100th parkrun

Its taken a while, but yesterday I completed my 100th parkrun. No fanfare, no cheers and no treats at the finish, but I managed it. What made it even better was that I was able to run the whole thing with my lovely wife Helen, and our silly pooch Nelly, and it was at our ‘home’ parkrun of Lancaster. It was also the 65th time that I’d run at Lancaster, with 8 times at Morecambe and 4 at Salisbury. It also means that I am eligible for a new parkrun T-shirt, the black one with ‘100’ on the back.

As much as we both really enjoy parkruns, we don’t worry about missing the odd week, although I would have made 100 a lot sooner if we hadn’t lost 18 months due to Covid. What is also great to see is that the numbers are rising again, with over 200 finishers this week.

To make my 100th parkrun a little tougher I ran there the long way round and ran home as well, making my run just over 14 miles. We then headed into town for coffee, cake and a mooch in a book shop, ending the day with a trip to the cinema to see the latest Bond film. A good day all round.

If you wanted to give me kudos, my Strava link is below.


Here’s to the next 100 parkruns, or to be more precise, the next 150 parkruns as the next T-shirt available is for 250.

The Return of Parkrun

It is so good to have parkrun back. We’ve all missed you. 14th March 2020 was my final parkrun before the very first lockdown, and we all thought that maybe a month and we would be back, but I don’t think anybody expected it to take 14 months.

24th July and me and my lovely wife lined up at Morecambe Prom parkrun. The prom is nice and wide so there is plenty of space, and it is a nice distance from where we live for me to run there and then run with Helen. So many people to say hello to.

We missed the following week, but 7th August and we lined up at Lancaster. I had run there again while Helen drove with Nelly, our silly old dog. It was the ‘B’ route as there was a wedding, which meant three and a half laps of Fenham Carr. If we had known that we would have gone somewhere else. There were 8 tired legs between us.

My next parkrun was Salisbury as I was visiting my Mum for a few days. The route had changed once again and I lined up at the front of the sub 25 minute area, and then spent most of the first lap trying to overtake people. If you’re going to run in 28 minutes, please don’t stand in the sub 25 minute area, especially when there is a bottle neck within a the first few hundred metres. Despite that I finished in 20 minutes and 20 seconds, which I was very pleased with. Maybe I can run sub 20 minutes again.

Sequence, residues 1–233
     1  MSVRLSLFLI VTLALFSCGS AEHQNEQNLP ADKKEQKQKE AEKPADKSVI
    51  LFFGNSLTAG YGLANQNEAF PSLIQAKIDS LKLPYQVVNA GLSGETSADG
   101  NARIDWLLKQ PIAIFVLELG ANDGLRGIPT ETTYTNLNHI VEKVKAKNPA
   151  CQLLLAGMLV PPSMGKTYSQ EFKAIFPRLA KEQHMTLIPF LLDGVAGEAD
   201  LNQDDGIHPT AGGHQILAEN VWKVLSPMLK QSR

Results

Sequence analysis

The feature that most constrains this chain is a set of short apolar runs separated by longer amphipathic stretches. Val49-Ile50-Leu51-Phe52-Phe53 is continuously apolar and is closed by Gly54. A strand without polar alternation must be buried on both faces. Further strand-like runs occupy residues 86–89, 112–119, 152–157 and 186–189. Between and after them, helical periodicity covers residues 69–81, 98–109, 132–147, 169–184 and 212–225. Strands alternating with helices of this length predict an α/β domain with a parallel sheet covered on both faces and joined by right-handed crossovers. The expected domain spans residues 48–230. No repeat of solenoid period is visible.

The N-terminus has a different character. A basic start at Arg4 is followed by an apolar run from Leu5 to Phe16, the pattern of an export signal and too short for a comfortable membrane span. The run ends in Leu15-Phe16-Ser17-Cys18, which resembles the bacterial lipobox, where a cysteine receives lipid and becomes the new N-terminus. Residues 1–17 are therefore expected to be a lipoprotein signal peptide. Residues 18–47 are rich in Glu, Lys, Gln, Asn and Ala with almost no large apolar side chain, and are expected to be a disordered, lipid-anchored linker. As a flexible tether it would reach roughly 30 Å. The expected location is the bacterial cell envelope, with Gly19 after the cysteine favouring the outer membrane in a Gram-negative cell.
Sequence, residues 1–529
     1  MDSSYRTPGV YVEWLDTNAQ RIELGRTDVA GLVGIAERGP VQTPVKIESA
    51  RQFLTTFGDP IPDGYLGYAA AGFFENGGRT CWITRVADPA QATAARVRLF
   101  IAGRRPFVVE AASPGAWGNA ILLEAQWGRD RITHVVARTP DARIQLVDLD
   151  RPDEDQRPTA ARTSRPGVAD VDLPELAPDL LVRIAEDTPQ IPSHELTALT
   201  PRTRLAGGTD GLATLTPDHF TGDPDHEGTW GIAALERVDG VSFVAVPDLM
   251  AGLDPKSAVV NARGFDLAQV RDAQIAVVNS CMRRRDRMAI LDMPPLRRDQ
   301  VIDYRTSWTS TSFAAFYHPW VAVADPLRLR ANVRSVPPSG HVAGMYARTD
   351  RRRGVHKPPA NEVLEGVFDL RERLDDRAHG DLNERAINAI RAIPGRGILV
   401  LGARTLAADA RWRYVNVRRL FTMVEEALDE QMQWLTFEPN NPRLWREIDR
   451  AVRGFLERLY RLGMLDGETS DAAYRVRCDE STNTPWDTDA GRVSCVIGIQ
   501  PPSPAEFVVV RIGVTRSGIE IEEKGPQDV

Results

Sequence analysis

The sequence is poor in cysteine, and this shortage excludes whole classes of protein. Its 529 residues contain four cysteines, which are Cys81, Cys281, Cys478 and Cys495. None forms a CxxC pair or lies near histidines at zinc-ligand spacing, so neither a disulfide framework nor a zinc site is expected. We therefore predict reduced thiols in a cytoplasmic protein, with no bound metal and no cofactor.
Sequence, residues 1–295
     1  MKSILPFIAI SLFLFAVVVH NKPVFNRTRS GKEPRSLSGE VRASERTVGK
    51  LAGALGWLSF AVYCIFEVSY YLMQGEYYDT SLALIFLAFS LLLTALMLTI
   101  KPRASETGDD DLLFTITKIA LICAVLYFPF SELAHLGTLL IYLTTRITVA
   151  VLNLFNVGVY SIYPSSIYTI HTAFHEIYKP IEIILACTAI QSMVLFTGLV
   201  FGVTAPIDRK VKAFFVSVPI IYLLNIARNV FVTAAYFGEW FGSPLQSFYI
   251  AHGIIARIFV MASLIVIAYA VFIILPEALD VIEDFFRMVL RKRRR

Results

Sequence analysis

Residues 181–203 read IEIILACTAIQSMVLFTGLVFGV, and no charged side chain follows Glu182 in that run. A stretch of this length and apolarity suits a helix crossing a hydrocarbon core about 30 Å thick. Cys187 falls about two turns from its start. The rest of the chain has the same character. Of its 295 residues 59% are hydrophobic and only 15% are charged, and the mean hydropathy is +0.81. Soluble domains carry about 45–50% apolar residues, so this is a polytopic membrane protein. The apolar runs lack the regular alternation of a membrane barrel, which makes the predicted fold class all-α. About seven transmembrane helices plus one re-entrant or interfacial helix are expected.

Having not done parkrun for so long and keeping ourselves busy on Saturdays, going forward we don’t intend to do one every week, but we will do the odd tourist run.

Last weekend was a bit of a kerfuffle. I lost my barcode so I needed to print off a paper one, which combined with printer problems and not being able to log into my parkrun account meant that it was a bit of a rush to get to Williamson Park. I hadn’t checked to see if the run was cancelled, which it was due to the music festival. We should have known really.

Anyway, it is good to be back.

One Year Without Parkrun

One whole year without a single parkrun. That isn’t a sentence that I thought I would ever write. Exactly one year ago I lined up at Lancaster parkrun with our trusty pooch (starting at the back) and gently jogged round to finish in 67th position. At the time, like everyone else, I thought that it might last a few weeks, maybe a month at the most. I never imagined that we would be without parkrun for over a year. The good news is that with the vaccine there does appear to be light at the end of the tunnel with a provisional date of 5th June for parkruns to begin again. That isn’t to say that we haven’t been getting out, but Saturday without parkrun just doesn’t feel the same, especially when it’s followed by coffee and cake. Hopefully see you all in three months time, starting at the back with Nelly.

Fountains Abbey Parkrun

It’s Saturday 13th June 2020 at 3pm and it has been a very busy day so far. Up early to take Nelly, our silly pointer, for a 40 minute walk to the park, stopping off at the local free little library to drop off three books and pick one up. Gentle 25 mile bike ride with the beautiful Mrs B, who made sourdough blueberry pancakes upon our return and I’ve just baked a banana loaf. We’ve been keeping busy on Saturdays and if I’m honest, I’ve not missed parkruns half as much as I thought I would.